The much awaited two-day summit of European leaders opened in Brussels on Thursday, aiming to find ways to resolve the sovereign debt crisis threatening the single currency eurozone. Nonetheless, European leaders remain divided over how to tackle the situation.
The summit is likely to be dominated by discussions on means to resolve the ongoing debt crisis in the eurozone, including Eurobonds, demands by Greece to renegotiate the terms of its bailout, eurozone banking union and a growth pact.
The leaders are initially expected to discuss whether eurozone's temporary EFSF rescue fund and a future permanent ESM bailout fund could be used to buy Spanish and Italian government bonds to bring down the steep borrowing costs.
Spanish Prime Minister Mariano Rajoy had warned Wednesday that his country will not be able to finance itself for long at the high rates it is currently paying and urged the European Union to move quickly to bring the rates to sustainable levels.
Spanish 10-year bonds yields surged almost 7 percent yesterday, which is seen as unsustainable by analysts. Italy's borrowing costs also jumped on Wednesday amidst growing concerns if the country would be next in line to seek a bailout.
Pleas by Spain and Italy for initiating collective steps to ease the situation have so far received cool responses from fellow-member states, particularly Germany. Interestingly, analysts believe the economies of the two nations are too big to be bailed out.
German Chancellor Angela Merkel remains firm in her opposition to pooling eurozone debts by issuing common bonds, and urged fellow eurozone members not to expect a quick fix to the lingering debt crisis. She believes fiscal integration and stronger competitiveness, coupled with EU's ability to control and monitor national budgets as well as debts, are enough to promote sustained growth.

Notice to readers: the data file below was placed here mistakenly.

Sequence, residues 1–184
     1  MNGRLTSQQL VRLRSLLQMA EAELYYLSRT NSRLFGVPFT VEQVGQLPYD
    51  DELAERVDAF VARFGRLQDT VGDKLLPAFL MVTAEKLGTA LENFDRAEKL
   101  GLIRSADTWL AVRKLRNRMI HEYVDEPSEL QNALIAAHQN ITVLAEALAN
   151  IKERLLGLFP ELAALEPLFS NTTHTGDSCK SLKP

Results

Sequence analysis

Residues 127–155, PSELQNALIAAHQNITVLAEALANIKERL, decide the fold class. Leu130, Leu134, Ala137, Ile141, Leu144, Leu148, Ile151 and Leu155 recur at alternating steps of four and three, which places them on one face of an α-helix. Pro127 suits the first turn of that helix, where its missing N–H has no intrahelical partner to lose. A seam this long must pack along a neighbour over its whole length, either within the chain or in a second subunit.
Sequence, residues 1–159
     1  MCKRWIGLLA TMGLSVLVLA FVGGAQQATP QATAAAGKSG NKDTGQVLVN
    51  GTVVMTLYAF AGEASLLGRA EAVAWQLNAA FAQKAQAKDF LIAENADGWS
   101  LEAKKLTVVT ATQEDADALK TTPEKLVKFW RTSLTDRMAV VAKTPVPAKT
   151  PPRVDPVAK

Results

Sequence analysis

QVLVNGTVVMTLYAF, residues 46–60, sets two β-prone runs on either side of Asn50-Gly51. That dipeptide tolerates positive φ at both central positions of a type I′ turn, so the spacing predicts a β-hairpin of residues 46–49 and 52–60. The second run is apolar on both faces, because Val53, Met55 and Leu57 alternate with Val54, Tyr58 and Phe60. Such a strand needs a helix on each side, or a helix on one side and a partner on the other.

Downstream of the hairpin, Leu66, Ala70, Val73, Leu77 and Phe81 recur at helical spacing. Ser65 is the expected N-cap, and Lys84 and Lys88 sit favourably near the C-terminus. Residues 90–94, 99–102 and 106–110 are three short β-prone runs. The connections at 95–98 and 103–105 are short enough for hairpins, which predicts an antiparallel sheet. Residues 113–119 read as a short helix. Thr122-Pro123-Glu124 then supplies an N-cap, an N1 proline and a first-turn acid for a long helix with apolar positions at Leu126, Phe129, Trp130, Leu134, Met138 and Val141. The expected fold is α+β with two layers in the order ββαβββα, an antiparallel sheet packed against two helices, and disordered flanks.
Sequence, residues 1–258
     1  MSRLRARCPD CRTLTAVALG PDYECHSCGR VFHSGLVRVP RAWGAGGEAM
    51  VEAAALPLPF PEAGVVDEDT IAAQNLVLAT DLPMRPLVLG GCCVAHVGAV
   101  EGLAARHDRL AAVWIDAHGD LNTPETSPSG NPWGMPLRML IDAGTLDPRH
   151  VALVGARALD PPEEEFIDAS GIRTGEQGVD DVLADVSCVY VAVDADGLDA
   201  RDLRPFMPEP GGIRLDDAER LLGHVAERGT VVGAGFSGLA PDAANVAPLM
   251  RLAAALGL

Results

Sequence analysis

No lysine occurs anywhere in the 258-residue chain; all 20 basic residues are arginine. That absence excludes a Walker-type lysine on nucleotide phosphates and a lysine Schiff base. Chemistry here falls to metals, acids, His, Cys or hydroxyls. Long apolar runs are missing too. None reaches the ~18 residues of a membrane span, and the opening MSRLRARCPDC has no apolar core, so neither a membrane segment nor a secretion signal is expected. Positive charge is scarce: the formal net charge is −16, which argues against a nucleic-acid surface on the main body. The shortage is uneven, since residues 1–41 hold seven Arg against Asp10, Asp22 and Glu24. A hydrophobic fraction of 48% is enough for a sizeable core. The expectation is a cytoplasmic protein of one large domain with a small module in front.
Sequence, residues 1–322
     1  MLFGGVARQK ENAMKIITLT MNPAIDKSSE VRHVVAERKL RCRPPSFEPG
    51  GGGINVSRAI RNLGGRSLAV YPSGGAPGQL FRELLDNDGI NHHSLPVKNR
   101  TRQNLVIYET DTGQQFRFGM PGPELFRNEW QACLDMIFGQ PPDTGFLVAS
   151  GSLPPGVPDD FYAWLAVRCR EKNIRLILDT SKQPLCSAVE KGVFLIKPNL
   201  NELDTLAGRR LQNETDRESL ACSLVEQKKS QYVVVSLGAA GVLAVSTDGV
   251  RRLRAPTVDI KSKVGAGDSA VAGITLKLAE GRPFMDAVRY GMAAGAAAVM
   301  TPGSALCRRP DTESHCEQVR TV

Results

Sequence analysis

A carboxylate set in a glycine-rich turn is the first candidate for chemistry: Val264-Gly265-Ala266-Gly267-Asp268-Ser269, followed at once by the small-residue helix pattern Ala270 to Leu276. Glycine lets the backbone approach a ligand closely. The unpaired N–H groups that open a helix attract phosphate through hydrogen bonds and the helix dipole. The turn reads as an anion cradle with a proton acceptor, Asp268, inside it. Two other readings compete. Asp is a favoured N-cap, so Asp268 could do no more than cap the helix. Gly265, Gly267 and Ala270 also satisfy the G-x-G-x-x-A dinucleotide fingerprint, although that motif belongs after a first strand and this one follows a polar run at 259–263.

Merkel in an address to the German parliament on Wednesday insisted sharing of debt liabilities among eurozone members would be possible only after the establishment of a truly fiscal and political union that allows the EU to control and monitor budget plans of member nations.
Nevertheless, French President Francois Hollande told reporters ahead of the summit that he expects European leaders attending the summit to make serious efforts to initiate swift steps to address the high borrowing costs of debt-stricken nations.
"I have come here to get very rapid solutions to support countries in the greatest difficulty on the markets even though they have made considerable efforts to restore their public finances," Hollande said Thursday.
Incidentally, the collective eurobonds move to keep borrowing costs of debt-stricken eurozone states down has the backing of France, Italy and Spain, the three large eurozone economies after Germany.
Separately, British Prime Minister David Cameron voiced his strong support for a 130 billion-euro stimulus package aimed at promoting growth, as he arrived in Brussels for the summit. Regarding other issues, he said there were "hard decisions for the eurozone countries to make and we should be encouraging them to go ahead".
Earlier this week, European Union authorities unveiled a report containing proposals for securing the stability of the Union by enforcing tighter fiscal integration with budget controls across the eurozone and establishing a European banking union.
The proposed measures enhance the existing power of European Union in Brussels over the fiscal policies of the eurozone member-states. But experts have already raised concerns that the report does not contain any suggestions for addressing the current debt problems being faced by several eurozone members.
The report outlines a 10-year plan aimed at closer fiscal integration of member-states, and recommends considering the idea of issuing collective eurobonds for resolving the ongoing eurozone debt crisis. Merkel had responded strongly to the proposal on Tuesday, saying "I don't see total debt liability as long as I live."
by RTT Staff Writer
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